Meanwhile, in a press release on June 25 2018, Tahseen Sayed, the World Bank’s Country Director for the Caribbean said “Guyana is making important strides to promote financial resilience and improve fiscal management, and has embarked on a broad-based reform program. These reforms will be key to building a strong economy that is underpinned by a strategic management of public resources for the benefit of the Guyanese people.” The statement continued that “Significant progress has been made in implementing the 2016 Financial Sector Assessment Program (FSAP) recommendations, including enhancing the supervisory power of the BoG and establishing an emergency liquidity assistance framework, a national payment system and a deposit insurance scheme. The mission welcomed the establishment of a Financial Stability Unit within the BoG to assess macro-financial vulnerabilities.”
So, who are we to believe? Stabroek News with its apparent axe to grind? Or the IMF, the World Bank and the other international lending institutions including the Inter-American Development Bank and the Islamic Development Bank that are increasingly viewing Guyana as a stable, well managed country with bright prospects that is ripe for sustainable development?
Also, the editorial claims, bizarrely, that public sector workers have not received a major increase in salaries since 2015. Again, a case of selected amnesia: only three months after taking office, our government increased the minimum basic salary of each public servant to $50,000. This translated to a 26.4% increase for those who earned the old minimum wage of $39,540 and 17.1% for over 4,000 public servants earning the then minimum wage of $42,703. Subsequent to this, public servants, including teachers, have seen further increases that amount to over 50% since the Coalition Government took office.
Further, our government has reduced the Value Added Tax (VAT), from 16% to 14%; reduced Personal Income Tax, from 30% to 28%; increased the tax threshold from $600,000 to $720,000 or 1/3rd of gross income (whichever is higher); made employees’ NIS contributions tax free; and reduced tolls on the Berbice Bridge. And yes, we have reduced Corporate Income Tax for manufacturing companies, from 30% to 27.5% and granted significant concessions to the gold and forestry sectors, among others.
All the while, we have kept inflation well in check:negative 3.3% in 2015, 1.4% in 2016 and 2% in 2017. Despite the desperate fearmongering of the PPP/C and fellow travellers, the Guyana dollar/US dollar rate as of May 2018 stood at G$212.48,from G$210 in May 2015. That’s a depreciation of 1.2% over 3 years. Impressive, indeed! Yet, we are conscious that more needs to be done.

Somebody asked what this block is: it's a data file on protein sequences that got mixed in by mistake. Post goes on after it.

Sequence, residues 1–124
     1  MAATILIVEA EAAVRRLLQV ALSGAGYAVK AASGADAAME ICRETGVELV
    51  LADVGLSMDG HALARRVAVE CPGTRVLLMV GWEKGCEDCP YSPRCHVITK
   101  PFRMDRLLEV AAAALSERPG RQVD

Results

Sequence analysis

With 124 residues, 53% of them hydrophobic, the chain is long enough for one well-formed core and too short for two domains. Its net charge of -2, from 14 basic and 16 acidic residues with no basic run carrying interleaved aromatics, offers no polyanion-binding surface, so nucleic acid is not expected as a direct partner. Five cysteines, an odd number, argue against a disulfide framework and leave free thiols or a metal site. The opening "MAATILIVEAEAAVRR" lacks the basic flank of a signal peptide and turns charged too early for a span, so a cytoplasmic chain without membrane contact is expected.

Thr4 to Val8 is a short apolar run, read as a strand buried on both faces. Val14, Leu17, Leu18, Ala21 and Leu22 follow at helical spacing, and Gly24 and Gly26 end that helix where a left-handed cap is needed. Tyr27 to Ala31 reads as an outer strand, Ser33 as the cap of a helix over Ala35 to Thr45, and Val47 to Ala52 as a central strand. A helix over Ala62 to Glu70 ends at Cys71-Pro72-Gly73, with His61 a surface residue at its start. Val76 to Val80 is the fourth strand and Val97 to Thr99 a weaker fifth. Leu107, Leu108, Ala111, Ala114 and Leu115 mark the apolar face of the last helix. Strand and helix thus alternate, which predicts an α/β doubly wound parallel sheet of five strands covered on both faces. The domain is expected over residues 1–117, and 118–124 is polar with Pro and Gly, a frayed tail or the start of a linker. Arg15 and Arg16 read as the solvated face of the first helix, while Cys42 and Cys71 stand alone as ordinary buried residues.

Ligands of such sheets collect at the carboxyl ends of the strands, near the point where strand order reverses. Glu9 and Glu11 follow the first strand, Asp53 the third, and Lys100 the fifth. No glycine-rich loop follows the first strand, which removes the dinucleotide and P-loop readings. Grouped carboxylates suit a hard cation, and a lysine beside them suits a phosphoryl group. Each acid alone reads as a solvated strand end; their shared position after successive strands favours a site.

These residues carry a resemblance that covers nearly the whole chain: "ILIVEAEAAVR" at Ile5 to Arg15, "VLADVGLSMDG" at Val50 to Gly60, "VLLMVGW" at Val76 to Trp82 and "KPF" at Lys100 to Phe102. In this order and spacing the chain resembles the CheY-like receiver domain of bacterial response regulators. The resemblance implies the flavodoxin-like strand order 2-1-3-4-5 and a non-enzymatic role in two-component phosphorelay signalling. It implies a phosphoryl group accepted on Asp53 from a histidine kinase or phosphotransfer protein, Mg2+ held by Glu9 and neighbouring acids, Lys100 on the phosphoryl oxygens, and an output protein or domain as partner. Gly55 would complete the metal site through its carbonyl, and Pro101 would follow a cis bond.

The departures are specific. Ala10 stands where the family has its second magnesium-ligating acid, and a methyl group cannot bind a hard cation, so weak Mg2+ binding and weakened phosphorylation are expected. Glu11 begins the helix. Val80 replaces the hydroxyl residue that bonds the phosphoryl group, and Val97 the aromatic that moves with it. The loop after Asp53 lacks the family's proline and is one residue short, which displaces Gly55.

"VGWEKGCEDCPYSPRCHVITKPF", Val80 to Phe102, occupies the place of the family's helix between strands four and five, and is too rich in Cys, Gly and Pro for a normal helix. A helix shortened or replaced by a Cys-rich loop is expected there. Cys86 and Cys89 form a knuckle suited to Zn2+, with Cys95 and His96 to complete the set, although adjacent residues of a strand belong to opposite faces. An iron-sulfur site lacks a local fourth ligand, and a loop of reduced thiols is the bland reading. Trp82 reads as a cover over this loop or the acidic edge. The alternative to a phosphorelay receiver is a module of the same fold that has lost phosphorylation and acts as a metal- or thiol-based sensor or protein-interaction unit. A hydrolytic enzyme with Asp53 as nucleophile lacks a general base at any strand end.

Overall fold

As for the editorial’s claim about the “loss of all the senior officials who have resigned” from my ministry in “the last few weeks”, I refer you to a previous misguided article in which the reporter failed to seek clarity from my Ministry before publishing. In our subsequent response, we noted that “The policy of the Ministry under the stewardship of Hon. Winston Jordan is that employees who reach the age of retirement are not kept on unless they bring some special skill that is critical to the work of the Ministry, or, where suitable replacements cannot be found within the Ministry. We see this as part of giving younger civil servants the opportunities to build careers with us.” I would add that I remain extremely proud of the dedicated and highly competent team working at the Ministry of Finance. Under my leadership, this team has been able to produce, among others: two national budgets before the start of the financial year; Mid-year reports before Parliament goes into recess; two Public Debt Reports (not a requirement under any law); Public Private Partnership Framework; and more recently, a Green Paper on the Sovereign Wealth Fund. I have taken to Parliament, and had passed, more pieces of legislation than any other Minister of Finance did in their first three years.
Of course, Stabroek News itself is not immune to an exodus of skills, including competent editors and senior reporters, which is sadly apparent in the decline of its journalism over the past decade.
Rest assured that I will continue my single-minded dedication to the task at hand.
Winston Jordan, MP
Minister of Finance